Ten years ago, these Catholic youth festivals in Ireland would have been unheard of. To me, this sign of growth as young people desire to know and practice their faith is a powerful sign of the Holy Spirit in action. It is also quite clear that the engagement of our young people with these young Catholic lay groups will be a source of vocations into the future.

The great Catholic youth event of the year was, of course, the World Youth Day(s) in Sydney, Australia. I have been reading the texts of what Pope Benedict had to say and it is evident that he made a point of encouraging the young people to follow Christ, even when this would prove difficult. His words to seminarians and young religious in St. Mary's Cathedral sum up his encouraging words:

I wish now to turn to the seminarians and young religious in our midst, with a special word of affection and encouragement. Dear friends: with great generosity you have set out on a particular path of consecration, grounded in your Baptism and undertaken in response to the Lord’s personal call. You have committed yourselves, in different ways, to accepting Christ’s invitation to follow him, to leave all behind, and to devote your lives to the pursuit of holiness and the service of his people.
In today’s Gospel, the Lord calls us to “believe in the light” (Jn 12:36). These words have a special meaning for you, dear young seminarians and religious. They are a summons to trust in the truth of God’s word and to hope firmly in his promises. They invite us to see, with the eyes of faith, the infallible working of his grace all around us, even in those dark times when all our efforts seem to be in vain. Let this altar, with its powerful image of Christ the Suffering Servant, be a constant inspiration to you. Certainly there are times when every faithful disciple will feel the heat and the burden of the day (cf. Mt 20:12), and the struggle of bearing prophetic witness before a world which can appear deaf to the demands of God’s word. Do not be afraid! Believe in the light! Take to heart the truth which we have heard in today’s second reading: “Jesus Christ is the same, yesterday, today and for ever” (Heb 13:8). The light of Easter continues to dispel the darkness!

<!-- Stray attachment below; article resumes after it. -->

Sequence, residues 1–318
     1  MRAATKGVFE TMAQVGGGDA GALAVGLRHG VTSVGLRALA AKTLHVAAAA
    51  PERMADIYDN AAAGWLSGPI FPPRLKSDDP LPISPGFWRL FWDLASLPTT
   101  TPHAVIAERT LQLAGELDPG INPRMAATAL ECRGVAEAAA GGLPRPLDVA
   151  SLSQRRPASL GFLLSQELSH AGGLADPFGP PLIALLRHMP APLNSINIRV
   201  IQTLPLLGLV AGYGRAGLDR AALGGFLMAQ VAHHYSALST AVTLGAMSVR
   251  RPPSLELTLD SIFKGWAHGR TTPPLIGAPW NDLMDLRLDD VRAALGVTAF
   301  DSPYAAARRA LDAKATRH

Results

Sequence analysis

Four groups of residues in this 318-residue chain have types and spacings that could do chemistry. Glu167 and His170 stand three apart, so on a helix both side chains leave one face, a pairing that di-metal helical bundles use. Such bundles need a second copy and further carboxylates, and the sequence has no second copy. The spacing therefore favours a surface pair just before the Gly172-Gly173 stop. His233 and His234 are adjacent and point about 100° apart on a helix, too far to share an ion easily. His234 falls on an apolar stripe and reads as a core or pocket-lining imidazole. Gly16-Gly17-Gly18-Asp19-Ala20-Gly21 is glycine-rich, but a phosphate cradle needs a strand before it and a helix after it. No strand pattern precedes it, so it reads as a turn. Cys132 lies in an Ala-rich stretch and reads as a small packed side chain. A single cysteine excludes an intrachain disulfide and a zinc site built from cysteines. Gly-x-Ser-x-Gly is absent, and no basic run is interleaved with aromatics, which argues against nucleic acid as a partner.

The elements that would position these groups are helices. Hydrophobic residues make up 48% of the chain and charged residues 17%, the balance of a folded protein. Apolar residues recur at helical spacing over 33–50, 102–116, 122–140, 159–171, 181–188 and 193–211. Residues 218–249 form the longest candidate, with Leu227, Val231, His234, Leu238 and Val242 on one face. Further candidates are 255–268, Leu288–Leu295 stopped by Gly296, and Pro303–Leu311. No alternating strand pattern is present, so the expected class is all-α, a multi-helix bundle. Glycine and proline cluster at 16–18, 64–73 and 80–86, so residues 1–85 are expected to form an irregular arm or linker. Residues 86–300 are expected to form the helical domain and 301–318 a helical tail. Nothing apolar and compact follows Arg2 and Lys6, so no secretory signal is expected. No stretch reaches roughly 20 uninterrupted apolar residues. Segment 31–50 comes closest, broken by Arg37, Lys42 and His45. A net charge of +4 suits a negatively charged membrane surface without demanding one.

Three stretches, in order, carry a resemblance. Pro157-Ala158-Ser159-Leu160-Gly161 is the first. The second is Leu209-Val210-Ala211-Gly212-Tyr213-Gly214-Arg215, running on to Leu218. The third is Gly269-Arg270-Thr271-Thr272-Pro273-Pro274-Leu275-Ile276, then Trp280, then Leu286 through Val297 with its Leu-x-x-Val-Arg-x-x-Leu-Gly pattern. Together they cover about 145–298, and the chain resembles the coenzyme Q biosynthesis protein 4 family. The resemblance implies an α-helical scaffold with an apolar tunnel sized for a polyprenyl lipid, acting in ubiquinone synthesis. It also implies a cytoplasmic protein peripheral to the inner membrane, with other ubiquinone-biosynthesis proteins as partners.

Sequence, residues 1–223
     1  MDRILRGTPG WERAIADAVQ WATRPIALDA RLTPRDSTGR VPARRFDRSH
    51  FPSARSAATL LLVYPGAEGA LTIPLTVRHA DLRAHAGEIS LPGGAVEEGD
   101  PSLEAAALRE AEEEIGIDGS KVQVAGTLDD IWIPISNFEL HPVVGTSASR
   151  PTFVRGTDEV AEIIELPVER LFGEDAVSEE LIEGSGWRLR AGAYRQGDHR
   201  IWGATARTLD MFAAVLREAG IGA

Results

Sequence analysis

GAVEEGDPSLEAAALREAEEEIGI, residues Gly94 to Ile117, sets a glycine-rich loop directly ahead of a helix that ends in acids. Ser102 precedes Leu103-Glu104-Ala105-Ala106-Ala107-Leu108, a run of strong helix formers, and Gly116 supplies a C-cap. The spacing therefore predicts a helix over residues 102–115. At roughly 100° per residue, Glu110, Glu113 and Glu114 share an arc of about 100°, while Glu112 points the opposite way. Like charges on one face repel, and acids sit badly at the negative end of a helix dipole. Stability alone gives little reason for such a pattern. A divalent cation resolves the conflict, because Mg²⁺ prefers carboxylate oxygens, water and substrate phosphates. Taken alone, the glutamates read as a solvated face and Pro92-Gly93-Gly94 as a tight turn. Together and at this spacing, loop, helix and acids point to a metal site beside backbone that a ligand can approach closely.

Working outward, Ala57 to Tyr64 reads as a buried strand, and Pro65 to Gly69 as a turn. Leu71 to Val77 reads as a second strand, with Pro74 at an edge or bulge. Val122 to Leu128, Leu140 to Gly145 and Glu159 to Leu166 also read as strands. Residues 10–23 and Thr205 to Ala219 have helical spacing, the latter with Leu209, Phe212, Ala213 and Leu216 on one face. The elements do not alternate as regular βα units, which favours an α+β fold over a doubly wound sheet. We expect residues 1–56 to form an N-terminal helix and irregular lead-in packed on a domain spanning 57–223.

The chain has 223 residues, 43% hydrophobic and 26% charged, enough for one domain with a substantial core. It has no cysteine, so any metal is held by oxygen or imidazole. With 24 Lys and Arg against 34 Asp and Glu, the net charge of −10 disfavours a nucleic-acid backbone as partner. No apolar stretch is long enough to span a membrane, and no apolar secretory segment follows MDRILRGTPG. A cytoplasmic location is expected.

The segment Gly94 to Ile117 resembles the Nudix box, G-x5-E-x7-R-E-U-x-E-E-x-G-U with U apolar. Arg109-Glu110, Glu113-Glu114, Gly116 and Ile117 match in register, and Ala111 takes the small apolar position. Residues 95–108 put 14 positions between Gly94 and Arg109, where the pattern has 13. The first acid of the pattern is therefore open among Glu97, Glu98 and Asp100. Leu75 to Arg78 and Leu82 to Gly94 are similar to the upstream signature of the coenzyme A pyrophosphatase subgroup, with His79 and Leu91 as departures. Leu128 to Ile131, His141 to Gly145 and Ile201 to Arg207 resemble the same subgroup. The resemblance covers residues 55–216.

There are signs of life in the Irish church as evidenced by the participation of these young people in the many and varied festivals and meetings. We will be failing in our own commitment to the preaching and living of the Gospel if we do not encourage and support them.

Friday, August 22, 2008

Year of Vocation - Dominican Event

Apologies to readers of this blog for the lack of posting during these past couple of weeks. As mentioned in a previous entry, I have been busy meeting new enquirers during that time which necessitated a fair deal of travel. It is always very humbling to meet people who are interested in the Dominican way of life, and I am always inspired by their courage in making first contact. That can be difficult!